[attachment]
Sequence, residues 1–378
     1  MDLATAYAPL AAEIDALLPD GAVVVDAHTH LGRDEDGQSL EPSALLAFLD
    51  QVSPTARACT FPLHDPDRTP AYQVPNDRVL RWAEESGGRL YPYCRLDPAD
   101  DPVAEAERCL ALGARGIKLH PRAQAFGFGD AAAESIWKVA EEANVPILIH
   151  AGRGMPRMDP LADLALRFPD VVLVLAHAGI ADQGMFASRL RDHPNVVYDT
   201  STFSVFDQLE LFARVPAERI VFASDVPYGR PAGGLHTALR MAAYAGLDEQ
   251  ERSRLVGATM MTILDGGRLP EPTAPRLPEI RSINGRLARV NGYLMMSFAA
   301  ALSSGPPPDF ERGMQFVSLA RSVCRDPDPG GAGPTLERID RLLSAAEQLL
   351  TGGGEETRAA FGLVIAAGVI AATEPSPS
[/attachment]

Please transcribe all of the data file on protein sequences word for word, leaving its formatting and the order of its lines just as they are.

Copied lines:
Sequence, residues 1–378
     1  MDLATAYAPL AAEIDALLPD GAVVVDAHTH LGRDEDGQSL EPSALLAFLD
    51  QVSPTARACT FPLHDPDRTP AYQVPNDRVL RWAEESGGRL YPYCRLDPAD
   101  DPVAEAERCL ALGARGIKLH PRAQAFGFGD AAAESIWKVA EEANVPILIH
   151  AGRGMPRMDP LADLALRFPD VVLVLAHAGI ADQGMFASRL RDHPNVVYDT
   201  STFSVFDQLE LFARVPAERI VFASDVPYGR PAGGLHTALR MAAYAGLDEQ
   251  ERSRLVGATM MTILDGGRLP EPTAPRLPEI RSINGRLARV NGYLMMSFAA
   301  ALSSGPPPDF ERGMQFVSLA RSVCRDPDPG GAGPTLERID RLLSAAEQLL
   351  TGGGEETRAA FGLVIAAGVI AATEPSPS